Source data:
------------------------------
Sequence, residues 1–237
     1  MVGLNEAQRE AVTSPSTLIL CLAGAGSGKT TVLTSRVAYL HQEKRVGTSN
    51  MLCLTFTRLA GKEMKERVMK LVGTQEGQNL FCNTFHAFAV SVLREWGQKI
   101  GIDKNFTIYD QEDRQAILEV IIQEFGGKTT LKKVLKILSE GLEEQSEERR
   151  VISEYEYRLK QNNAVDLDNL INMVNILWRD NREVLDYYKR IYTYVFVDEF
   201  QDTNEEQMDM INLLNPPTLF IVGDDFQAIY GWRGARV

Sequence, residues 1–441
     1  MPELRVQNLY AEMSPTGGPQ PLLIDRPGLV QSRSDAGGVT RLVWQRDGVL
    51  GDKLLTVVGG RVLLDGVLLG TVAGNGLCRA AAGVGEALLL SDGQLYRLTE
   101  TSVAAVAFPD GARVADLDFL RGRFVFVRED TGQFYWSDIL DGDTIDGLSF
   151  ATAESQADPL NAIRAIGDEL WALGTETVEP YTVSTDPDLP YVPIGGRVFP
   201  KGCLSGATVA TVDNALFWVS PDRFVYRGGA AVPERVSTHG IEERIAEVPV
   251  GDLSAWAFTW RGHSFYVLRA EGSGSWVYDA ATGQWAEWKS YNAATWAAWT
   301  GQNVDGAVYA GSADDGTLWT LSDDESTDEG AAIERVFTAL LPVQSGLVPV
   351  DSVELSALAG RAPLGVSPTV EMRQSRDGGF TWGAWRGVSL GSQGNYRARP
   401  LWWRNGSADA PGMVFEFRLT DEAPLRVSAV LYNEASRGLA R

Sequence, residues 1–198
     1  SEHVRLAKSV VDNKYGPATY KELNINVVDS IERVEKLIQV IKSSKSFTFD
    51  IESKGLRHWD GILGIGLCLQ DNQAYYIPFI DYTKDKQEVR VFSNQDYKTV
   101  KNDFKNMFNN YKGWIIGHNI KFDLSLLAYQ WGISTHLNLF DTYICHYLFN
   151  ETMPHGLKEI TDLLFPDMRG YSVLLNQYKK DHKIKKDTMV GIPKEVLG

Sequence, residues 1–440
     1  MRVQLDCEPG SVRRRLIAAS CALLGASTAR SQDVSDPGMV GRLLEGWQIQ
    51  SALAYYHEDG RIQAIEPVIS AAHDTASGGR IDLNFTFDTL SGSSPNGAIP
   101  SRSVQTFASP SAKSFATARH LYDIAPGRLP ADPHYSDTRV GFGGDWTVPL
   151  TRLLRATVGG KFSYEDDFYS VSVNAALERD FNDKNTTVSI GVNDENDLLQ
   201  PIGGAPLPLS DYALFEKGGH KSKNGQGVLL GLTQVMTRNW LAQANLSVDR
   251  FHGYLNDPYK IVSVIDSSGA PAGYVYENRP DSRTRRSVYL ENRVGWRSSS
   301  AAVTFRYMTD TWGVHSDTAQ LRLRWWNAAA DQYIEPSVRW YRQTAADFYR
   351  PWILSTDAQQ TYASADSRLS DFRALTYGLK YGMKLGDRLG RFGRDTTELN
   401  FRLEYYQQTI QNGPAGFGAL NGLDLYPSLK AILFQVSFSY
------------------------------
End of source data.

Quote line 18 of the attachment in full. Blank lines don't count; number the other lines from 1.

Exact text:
     1  SEHVRLAKSV VDNKYGPATY KELNINVVDS IERVEKLIQV IKSSKSFTFD